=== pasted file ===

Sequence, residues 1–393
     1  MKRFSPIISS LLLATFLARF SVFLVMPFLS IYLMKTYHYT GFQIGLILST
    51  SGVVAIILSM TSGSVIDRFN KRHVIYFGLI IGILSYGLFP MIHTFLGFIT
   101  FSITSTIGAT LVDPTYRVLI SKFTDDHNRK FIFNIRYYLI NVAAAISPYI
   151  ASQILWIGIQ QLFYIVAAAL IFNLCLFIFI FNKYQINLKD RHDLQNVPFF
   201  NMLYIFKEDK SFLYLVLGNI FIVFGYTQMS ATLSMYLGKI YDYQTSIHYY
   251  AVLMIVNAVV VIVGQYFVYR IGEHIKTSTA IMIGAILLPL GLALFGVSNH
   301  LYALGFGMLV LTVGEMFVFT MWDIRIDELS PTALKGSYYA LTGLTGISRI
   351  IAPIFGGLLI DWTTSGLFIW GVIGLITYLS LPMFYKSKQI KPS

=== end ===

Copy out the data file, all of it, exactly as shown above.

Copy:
Sequence, residues 1–393
     1  MKRFSPIISS LLLATFLARF SVFLVMPFLS IYLMKTYHYT GFQIGLILST
    51  SGVVAIILSM TSGSVIDRFN KRHVIYFGLI IGILSYGLFP MIHTFLGFIT
   101  FSITSTIGAT LVDPTYRVLI SKFTDDHNRK FIFNIRYYLI NVAAAISPYI
   151  ASQILWIGIQ QLFYIVAAAL IFNLCLFIFI FNKYQINLKD RHDLQNVPFF
   201  NMLYIFKEDK SFLYLVLGNI FIVFGYTQMS ATLSMYLGKI YDYQTSIHYY
   251  AVLMIVNAVV VIVGQYFVYR IGEHIKTSTA IMIGAILLPL GLALFGVSNH
   301  LYALGFGMLV LTVGEMFVFT MWDIRIDELS PTALKGSYYA LTGLTGISRI
   351  IAPIFGGLLI DWTTSGLFIW GVIGLITYLS LPMFYKSKQI KPS